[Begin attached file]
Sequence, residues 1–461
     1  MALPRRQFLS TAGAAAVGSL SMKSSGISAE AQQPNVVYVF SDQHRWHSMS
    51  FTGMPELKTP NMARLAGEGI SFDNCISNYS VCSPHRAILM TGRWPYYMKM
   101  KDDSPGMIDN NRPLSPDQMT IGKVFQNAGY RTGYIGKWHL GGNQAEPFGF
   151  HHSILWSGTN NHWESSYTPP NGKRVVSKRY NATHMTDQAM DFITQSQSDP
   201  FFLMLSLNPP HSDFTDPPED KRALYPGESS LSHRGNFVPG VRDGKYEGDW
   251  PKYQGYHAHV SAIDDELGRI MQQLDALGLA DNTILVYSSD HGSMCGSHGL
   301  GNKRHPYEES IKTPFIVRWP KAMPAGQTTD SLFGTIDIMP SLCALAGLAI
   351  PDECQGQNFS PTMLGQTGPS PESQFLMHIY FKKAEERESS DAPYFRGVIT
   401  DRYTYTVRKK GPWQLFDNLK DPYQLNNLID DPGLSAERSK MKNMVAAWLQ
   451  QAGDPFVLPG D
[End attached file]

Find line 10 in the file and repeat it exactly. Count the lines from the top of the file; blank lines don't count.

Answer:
   401  DRYTYTVRKK GPWQLFDNLK DPYQLNNLID DPGLSAERSK MKNMVAAWLQ